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Tumor-suppressor role of miR-139-5p in endometrial cancer



Endometrial cancer (EC) is the fourth most common malignancy of the female genital tract worldwide. MicroRNAs are important gene regulators with critical roles in diverse biological processes, including tumorigenesis. Several study’s show that miR-139-5p is involved in the tumorigenesis and metastasis of various cancers. However, its expression and potential biologic role in endometrial cancer remain to be determined. This study aimed to investigate the miR-139-5p expression and to analyze its function and underlying molecular mechanism in endometrial cancer.


Expression of miR-139-5p was measured using qRT-PCR. The expression of HOXA10 was detected by Immunofluorescence staining in endometrial cancer tissues and adjacent normal tissues. CCK-8 and colony formation assays were used to assess the effect of miR-139-5p on ECC1 and Ishikawa cell line proliferation. Transwell migration assay was used to study the effect of miR-139-5p on EC cell migration. Luciferase reporter assay and western blot were used to confirm targeting of HOXA10 by miR-139-5p.


We demonstrated that miR-139-5p was down-regulated in human endometrial cancer compared to their matched adjacent non-tumor tissues. Overexpressed miR-139-5p significantly inhibited endometrial cancer cell viability and migration. Computational algorithm in combination with dual luciferase reporter assays identified HOXA10 as the target of miR-139-5p. HOXA10 expression was downregulated in endometrial cancer cells after miR-139-5p overexpression. The expression level of HOXA10 was significantly increased in endometrial cancer tissues, which was inversely correlated with miR-139-5p expression in clinical endometrial cancer tissues.


These findings indicate that miR-139-5p targets the HOXA10 transcript and suppresses endometrial cancer cell growth and migration, suggesting that miR-139-5p acts as a tumor suppressive role in human endometrial cancer pathogenesis.


Endometrial cancer (EC) is the most frequent gynecological cancer and the fourth most common cancer for women in the developed world [1]. Despite more than 70% cases being diagnosed at the early stage, as much as 28% of patients have regional or distant metastasis. Unfortunately, their prognosis is usually poor, with a 5-year survival rate of < 40% [2]. The development of EC is a multistep process with accumulation of genetic and epigenetic alterations [3]. Most ECs are diagnosed in early clinical stages and can be managed surgically with good results. However, there is still a number of cases with bad prognosis due to lack of effective treatment for advanced, recurrent or disseminated disease. Approximately 80% ECs are of endometrioid histology [4]. So, it is critically important to develop novel therapeutic strategies for EC. Identifying the molecular mechanisms of EC carcinogenesis may help to understand of the pathogenesis of EC and therapeutic targets.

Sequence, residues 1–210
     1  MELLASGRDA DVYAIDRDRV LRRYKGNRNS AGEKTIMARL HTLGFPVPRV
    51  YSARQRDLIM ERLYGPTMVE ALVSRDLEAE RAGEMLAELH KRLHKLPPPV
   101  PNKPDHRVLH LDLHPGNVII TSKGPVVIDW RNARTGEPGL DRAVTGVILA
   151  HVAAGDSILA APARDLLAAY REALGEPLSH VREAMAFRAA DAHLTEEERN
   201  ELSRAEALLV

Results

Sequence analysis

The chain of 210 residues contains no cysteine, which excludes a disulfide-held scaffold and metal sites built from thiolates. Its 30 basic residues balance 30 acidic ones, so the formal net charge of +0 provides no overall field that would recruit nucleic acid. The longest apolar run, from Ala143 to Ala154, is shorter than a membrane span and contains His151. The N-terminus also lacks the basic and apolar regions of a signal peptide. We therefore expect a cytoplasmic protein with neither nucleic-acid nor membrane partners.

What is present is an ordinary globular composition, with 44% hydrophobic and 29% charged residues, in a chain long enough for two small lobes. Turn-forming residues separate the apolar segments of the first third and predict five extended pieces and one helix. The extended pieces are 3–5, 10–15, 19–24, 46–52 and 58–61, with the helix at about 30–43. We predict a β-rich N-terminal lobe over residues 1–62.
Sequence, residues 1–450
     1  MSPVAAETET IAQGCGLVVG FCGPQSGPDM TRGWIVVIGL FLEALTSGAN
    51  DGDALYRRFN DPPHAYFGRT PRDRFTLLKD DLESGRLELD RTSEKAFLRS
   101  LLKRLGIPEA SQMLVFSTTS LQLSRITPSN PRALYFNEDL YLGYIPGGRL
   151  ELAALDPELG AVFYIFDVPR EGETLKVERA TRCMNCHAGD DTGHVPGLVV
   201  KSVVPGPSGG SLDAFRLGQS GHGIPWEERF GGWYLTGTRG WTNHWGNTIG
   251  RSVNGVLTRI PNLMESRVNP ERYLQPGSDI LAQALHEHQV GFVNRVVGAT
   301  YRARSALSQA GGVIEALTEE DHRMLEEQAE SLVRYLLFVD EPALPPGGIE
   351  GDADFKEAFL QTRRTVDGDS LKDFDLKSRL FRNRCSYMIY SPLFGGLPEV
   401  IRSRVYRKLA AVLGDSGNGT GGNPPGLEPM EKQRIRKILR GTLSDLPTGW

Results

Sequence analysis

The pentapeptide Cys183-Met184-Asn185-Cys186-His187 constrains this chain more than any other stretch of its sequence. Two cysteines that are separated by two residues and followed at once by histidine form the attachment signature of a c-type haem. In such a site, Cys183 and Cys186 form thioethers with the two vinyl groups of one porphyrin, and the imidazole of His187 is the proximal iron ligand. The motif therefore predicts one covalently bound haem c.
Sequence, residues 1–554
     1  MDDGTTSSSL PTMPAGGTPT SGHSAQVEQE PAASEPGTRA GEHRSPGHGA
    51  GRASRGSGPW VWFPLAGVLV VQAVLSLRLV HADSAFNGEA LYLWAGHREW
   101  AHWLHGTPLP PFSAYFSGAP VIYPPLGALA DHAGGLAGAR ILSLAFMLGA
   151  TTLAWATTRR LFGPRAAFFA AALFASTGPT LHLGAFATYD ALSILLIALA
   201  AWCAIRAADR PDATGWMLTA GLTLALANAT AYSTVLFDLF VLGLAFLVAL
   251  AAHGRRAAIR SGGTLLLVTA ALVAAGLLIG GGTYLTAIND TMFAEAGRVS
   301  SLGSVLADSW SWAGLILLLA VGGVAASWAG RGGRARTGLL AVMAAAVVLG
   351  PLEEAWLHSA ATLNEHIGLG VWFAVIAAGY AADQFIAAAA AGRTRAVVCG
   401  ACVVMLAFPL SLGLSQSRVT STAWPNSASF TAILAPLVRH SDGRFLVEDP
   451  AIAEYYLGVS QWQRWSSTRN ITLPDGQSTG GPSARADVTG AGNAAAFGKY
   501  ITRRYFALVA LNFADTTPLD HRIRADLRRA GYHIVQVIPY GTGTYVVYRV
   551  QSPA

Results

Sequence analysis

MiRNAs are small, non-coding RNA molecules that take part in RNA silencing and post-transcriptional regulation of gene expression. Altered expression of miRNAs may be associated with cancer initiation, progression and metastatic capabilities [5]. Many evidences have shown that miRNAs are involved in many cellular processes, including development, apoptosis, differentiation, metabolism and stress response, depending upon the regulation of specific target genes [6]. Some miRNAs promote the process of tumourigenesis and function as oncogenes in EC. For example, miR-10b inhibits apoptosis and promotes proliferation and invasion of EC cells via targeting HOXB3 [7]. MiR-135b can target FOXO1 to promote cell proliferation in EC cells [8]. Whereas, other miRNAs are expressed at a low expression level and act as tumor-suppressors. MiR-548c reduces the migration and invasion of endometrial and ovarian cancer cells via downregulation of Twist [9]. MiR-126 inhibits the migration and invasion of EC cells by targeting insulin receptor substrate 1 [10]. MiR-23a suppresses epithelial-to-mesenchymal transition in endometrial endometrioid adenocarcinoma by targeting SMAD3 [11]. Recently many miRNAs are closely associated with malignancy, including facts such as tumor progression, potential prognostic markers and chemotherapy resistance in endometrial cancers [5, 12, 13]. In the tumor-associated miRNAs, the mechanism of miR-139-5p in cancer initiation and progression drew our attention, because miR-139-5p has been found to perform various biological functions in other types of malignancy, such as bladder, colon, esophageal, liver and lung cancer [14,15,16,17]. However, there has not been any thorough research investigating the association between miR-139-5p and EC.